TRANSPORT SERVICES TO EMPLOYEES – IT IS NOT TAXABLE

TRANSPORT SERVICES TO EMPLOYEES – IT IS NOT TAXABLE

On 22 March 2017 SARS issued Binding General Ruling 42 (BGR42) which deals with the question of whether transport services provided by an employer to his employees constitute a taxable fringe benefit. BGR42 follows Binding Private Ruling 262 (BPR262) where a similar question was placed before SARS for a private ruling. In BPR158, SARS ruled that transport services paid for the by the employer to convey employees from a public transport interchange or a central collection point within a residential area to the employees’ place of work did not constitute a taxable fringe benefit. Private rulings issued by SARS are...

A MESSAGE FROM THE SCA:  TAX LAW IS UNFAIR, DEAL WITH IT!

A MESSAGE FROM THE SCA: TAX LAW IS UNFAIR, DEAL WITH IT!

In the case of New Adventure Shelf 122 v Commissioner: SARS (310/2016) [2017] ZASCA 29 (28 March 2017), the Supreme Court of Appeal had to deal with the question of whether South African tax law allows for the carry back of capital losses arising from cancellation of an agreement where that agreement was concluded in a prior year and assessed to tax but cancelled in a subsequent year. The court deals swiftly with the question and hands down a judgment in favor of SARS but not without leaving taxpayers with a very clear and unambiguous message at par 28: “In...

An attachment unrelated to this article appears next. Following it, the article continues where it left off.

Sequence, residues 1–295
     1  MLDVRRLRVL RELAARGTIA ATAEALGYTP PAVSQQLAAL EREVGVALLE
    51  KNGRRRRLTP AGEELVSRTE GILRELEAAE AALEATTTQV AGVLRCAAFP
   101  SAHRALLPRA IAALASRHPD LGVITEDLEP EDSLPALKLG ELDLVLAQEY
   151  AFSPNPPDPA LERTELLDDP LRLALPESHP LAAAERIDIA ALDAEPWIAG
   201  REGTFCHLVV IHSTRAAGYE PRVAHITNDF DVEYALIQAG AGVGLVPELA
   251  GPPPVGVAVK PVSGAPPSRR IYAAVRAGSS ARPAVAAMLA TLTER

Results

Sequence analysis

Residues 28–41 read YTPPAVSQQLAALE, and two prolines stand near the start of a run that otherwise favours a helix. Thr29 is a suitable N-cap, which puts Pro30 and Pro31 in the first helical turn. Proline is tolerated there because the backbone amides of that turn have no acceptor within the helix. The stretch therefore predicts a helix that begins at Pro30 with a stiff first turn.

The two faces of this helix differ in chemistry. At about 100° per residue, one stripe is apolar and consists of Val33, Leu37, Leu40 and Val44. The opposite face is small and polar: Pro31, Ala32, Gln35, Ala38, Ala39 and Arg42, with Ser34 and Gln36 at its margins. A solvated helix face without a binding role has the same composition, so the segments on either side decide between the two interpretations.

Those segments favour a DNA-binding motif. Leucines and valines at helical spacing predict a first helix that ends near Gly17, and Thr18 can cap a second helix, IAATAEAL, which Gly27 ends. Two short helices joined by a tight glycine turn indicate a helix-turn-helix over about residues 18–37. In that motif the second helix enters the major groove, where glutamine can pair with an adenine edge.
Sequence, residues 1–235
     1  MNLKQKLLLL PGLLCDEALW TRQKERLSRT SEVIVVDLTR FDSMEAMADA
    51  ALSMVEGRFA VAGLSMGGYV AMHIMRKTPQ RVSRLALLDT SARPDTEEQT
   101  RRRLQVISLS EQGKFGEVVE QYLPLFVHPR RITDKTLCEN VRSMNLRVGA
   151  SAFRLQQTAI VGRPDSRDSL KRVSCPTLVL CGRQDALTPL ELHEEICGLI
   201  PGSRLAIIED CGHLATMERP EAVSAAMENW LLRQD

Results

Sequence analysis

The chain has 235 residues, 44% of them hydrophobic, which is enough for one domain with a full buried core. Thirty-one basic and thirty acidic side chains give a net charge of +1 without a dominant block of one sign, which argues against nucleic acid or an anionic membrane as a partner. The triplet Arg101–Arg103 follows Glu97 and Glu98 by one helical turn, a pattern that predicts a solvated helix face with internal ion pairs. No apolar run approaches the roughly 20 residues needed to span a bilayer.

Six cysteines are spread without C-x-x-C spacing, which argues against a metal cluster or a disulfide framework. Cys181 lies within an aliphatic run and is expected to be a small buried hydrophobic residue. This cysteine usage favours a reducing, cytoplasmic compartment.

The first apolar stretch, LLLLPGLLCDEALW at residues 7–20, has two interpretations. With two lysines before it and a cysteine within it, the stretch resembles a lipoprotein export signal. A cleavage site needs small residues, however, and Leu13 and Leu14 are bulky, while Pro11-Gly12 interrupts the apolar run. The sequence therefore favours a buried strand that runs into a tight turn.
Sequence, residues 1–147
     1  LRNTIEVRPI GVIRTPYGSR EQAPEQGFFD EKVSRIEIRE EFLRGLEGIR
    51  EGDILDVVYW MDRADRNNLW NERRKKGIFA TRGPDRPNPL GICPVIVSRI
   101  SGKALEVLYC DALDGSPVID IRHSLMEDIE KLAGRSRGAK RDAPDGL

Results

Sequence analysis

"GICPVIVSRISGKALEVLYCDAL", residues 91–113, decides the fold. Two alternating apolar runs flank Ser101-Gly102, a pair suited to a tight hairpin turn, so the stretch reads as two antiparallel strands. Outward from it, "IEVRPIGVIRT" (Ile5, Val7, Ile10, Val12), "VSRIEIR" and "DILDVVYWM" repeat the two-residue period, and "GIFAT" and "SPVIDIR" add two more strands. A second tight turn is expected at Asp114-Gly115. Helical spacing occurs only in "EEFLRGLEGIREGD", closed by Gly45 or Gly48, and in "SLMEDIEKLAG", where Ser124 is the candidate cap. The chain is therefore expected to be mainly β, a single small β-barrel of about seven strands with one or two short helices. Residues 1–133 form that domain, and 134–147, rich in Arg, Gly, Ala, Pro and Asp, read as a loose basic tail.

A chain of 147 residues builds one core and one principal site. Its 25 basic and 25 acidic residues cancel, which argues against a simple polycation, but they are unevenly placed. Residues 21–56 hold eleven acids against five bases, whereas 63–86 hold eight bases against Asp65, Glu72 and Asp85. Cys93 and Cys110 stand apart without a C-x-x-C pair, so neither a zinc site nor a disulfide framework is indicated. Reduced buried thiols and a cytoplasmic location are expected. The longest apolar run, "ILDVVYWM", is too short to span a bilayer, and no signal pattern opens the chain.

MORE TAX: VAT ON FUEL

MORE TAX: VAT ON FUEL

The declining economy has seen an increase in costs of pretty much everything and consumers are finding it hard to come by. There is, unfortunately, more bad news for consumers around the corner. Whilst at least not another reshuffle, the former Minister of Finance proposed in the 2017 National Budget to add VAT to the rising cost of fuel, in addition to the rising fuel levy, which, from 5 April 2017 is 30 cents per liter.  The proposal is intended to take effect in 2018/2019 fiscal year. Currently the price of fuel, as paid for by you and me, does...

GOING CONCERN SALES AND THE SELLER’S RISK

GOING CONCERN SALES AND THE SELLER’S RISK

The legislation governing the zero rate for going concern sales are set out in section 11(1)(e) of the Value-Added Tax Act, No. 89 of 1991 (“the VAT Act”). In addition, SARS in their Interpretation Note 31, prescribes the documents that seller must be in possession of to place reliance on the zero rate for the sale of a going concern. All too often we have seen sale agreements where assets are ostensibly sold as a going concern and parties incorrectly rely on the zero rate or do not have the required supporting documents. The question then always is, what are...